12. Membranes & Transport



Learning Objectives

  1. Describe the components and basic structure of the plasma membrane, and explain what is meant by the fluid-mosaic model.
    1. Explain how a cell membrane regulates interactions within environments.
    2. Differentiate between diffusion, osmosis, and dialysis.
    3. Describe the solute/solvent movements into and out of a cell under hypertonic, hypotonic, and iso-tonic conditions.
    4. Explain and give examples of generalized endocytosis and exocytosis
    5. Understand the importance of selective permeability in biological systems.
    6. Differentiate among diffusion, facilitated diffusion and active transport.
    7. Describe the operation of the Na+– K+ pump
  2. Compare and contrast cilia and flagella in terms of their structure and function.
  3. List and describe the various junctions, linkages, and connections that occur between cells.
  4. Understand the biochemistry of phospholipids and how they are organized into membranes.

Understanding Membranes

Cell membrane detailed diagram 4The cell membrane is the barrier that separates the cytoplasm from the external world. The cell membrane consists primarily of phospholipids in a bilayer. Phospholipids are amphipathic with a polar head (phosphate group) and a hydrophobic tail (2 hydrocarbon chains). Due to the chemical properties of the heads being attracted to water and the tails having a desire to avoid water, phospholipids self assemble into micelles. Cell membranes form from a phospholipid bilayer where the lipid tails interact with each other and the phosphate heads face the external water environment or the internal cytoplasm of the cell.
Lipid bilayer sectionThe cell membrane does not solely consist of phospholipids but also have proteins and cholesterol inserted into the bilayer. As the image of the bilayer above indicates, the molecules are constantly moving and flow in a lateral motion. Cholesterol modulates the fluidity of this motion. Proteins associated with the membrane may sit on either side (peripheral proteins) of the membrane or pass through both layers of the membrane (transmembrane proteins). The model that describes the components of the cellular membrane is referred to as the Fluid Mosaic Model. This model states that the cell membrane is a mosaic of 1)Phospholipids 2)Proteins 3) cholesterol that move about in a side to side motion.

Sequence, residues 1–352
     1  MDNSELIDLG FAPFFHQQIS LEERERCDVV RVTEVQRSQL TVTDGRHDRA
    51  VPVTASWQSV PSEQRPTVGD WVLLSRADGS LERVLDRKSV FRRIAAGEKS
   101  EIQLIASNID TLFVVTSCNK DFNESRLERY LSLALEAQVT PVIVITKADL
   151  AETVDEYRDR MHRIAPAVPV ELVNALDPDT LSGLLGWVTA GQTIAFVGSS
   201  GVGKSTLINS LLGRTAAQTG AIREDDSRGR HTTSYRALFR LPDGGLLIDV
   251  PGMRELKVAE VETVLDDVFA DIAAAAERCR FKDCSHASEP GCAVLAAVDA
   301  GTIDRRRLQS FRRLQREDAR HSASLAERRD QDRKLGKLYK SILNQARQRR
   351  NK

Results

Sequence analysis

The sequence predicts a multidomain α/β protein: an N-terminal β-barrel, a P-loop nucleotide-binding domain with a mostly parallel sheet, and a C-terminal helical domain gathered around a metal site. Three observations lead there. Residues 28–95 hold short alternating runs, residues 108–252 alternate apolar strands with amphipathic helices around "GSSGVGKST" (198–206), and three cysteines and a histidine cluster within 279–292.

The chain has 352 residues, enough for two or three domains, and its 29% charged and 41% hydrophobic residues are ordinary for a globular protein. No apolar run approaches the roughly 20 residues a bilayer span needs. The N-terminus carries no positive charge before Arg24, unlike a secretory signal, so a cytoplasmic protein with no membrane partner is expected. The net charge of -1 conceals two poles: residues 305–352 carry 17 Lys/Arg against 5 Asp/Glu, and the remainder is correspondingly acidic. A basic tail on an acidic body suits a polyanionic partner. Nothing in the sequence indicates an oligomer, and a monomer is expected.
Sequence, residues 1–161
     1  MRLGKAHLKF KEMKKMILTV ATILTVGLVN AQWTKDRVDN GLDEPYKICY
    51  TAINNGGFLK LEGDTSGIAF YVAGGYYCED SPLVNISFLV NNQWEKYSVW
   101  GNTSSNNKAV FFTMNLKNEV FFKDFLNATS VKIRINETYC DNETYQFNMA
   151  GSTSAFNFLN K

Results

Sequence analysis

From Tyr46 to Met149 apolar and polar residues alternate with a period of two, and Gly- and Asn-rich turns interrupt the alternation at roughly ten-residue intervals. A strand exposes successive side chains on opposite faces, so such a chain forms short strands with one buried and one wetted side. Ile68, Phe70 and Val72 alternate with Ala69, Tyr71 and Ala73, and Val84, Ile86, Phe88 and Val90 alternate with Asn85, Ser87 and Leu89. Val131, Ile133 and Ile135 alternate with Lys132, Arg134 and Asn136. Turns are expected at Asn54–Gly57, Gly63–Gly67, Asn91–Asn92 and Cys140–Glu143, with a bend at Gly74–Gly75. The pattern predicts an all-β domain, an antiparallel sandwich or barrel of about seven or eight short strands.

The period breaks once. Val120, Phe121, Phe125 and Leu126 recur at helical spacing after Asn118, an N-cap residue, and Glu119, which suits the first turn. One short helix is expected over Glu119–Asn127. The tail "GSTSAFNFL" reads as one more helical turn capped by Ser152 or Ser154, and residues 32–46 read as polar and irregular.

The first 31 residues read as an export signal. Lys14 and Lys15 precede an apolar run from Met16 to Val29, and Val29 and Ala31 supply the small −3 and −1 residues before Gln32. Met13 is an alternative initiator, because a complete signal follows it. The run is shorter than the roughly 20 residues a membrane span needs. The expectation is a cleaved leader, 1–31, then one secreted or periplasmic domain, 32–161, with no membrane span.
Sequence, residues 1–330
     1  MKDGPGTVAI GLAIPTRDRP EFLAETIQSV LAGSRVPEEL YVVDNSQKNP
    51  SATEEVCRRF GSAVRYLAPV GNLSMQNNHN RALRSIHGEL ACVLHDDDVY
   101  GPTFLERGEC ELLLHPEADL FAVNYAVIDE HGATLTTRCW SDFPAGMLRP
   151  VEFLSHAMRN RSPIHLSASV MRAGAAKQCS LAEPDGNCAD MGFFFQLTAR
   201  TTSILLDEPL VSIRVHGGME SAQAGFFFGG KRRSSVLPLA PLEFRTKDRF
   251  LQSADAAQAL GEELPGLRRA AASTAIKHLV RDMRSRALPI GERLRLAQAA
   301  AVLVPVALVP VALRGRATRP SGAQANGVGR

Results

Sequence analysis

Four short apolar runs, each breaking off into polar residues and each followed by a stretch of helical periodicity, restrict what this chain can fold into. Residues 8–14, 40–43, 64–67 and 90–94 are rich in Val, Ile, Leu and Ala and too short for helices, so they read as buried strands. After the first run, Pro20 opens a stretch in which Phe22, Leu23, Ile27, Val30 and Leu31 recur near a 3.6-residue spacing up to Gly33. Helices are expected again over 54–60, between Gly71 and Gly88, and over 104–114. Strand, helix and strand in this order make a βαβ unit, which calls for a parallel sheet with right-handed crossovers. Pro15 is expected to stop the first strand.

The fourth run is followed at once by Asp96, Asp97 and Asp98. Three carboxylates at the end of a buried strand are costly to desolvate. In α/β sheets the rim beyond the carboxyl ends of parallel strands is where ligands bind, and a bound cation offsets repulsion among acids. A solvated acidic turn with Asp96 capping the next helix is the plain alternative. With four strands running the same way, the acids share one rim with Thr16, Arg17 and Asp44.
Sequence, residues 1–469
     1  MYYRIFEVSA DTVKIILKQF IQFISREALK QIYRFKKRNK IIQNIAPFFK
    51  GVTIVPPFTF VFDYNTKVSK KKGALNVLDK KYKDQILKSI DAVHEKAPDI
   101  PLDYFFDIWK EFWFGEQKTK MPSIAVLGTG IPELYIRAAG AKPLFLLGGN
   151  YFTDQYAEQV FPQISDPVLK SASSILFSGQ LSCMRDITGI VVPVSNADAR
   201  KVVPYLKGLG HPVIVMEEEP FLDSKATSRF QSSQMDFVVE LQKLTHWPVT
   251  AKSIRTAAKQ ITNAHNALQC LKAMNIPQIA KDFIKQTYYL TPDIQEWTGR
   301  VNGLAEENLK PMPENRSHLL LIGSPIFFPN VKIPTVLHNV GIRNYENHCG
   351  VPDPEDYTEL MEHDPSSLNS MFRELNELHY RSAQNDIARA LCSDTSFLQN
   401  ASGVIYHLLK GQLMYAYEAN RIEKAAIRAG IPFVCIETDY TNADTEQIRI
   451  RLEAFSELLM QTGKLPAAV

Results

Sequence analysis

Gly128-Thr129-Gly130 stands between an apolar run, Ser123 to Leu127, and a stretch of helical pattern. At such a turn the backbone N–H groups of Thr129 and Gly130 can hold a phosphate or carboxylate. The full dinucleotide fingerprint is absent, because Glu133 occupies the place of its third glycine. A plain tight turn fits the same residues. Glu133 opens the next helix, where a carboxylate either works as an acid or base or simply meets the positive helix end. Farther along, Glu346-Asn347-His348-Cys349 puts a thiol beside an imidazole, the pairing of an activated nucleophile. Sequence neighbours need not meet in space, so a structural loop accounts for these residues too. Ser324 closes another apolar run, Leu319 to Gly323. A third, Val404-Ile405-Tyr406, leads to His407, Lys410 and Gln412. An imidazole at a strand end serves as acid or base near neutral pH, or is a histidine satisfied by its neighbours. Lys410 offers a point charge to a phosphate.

Cell membrane detailed diagram from Wikimedia Commons

The fluid mosaic of phospholipids, proteins and cholesterol that create the selective barrier between the interior and the exterior of the cell.

Evidence for the fluid mosaic model comes from a process called freeze-fracture electron microscopy. A cell is essentially frozen and etched in a way that the leaves of the lipid bilayer are exposed. Using electron Microscopy, the features of the leaves of the bilayer can be examined using a scanning electron microscope.

Small uncharged molecules pass through the double layer of phospholipids. Polar, charged or large molecules have great difficulty passing through the membrane and require the aid of transmembrane proteins. An example of a transmembrane protein that facilitates movement of a polar substance is aquaporin, which permits the free movement of water.
Blausen 0213 CellularDiffusion

Polytopic membrane protein 1) a single transmembrane α-helix (bitopic membrane protein). 2) a polytopic transmembrane α-helical protein. 3) a polytopic transmembrane β-sheet protein. The membrane is represented in light green.1-Oleoyl-2-almitoyl-phosphatidylcholine Structural Formulae V.1Phospholipid TvanBrussel.edit
A classic experiment demonstrates the fluidity of membranes through fusion of membrane vesicles. In this experiment, two vesicle donors are chemically labeled with different fluorescent dyes or antibodies. Through a chemical induction, the vesicles fuse together. Over time, the blending of the lipid components can be observed microscopically as the membrane contents diffuse into each other.
Lipid bilayer fusion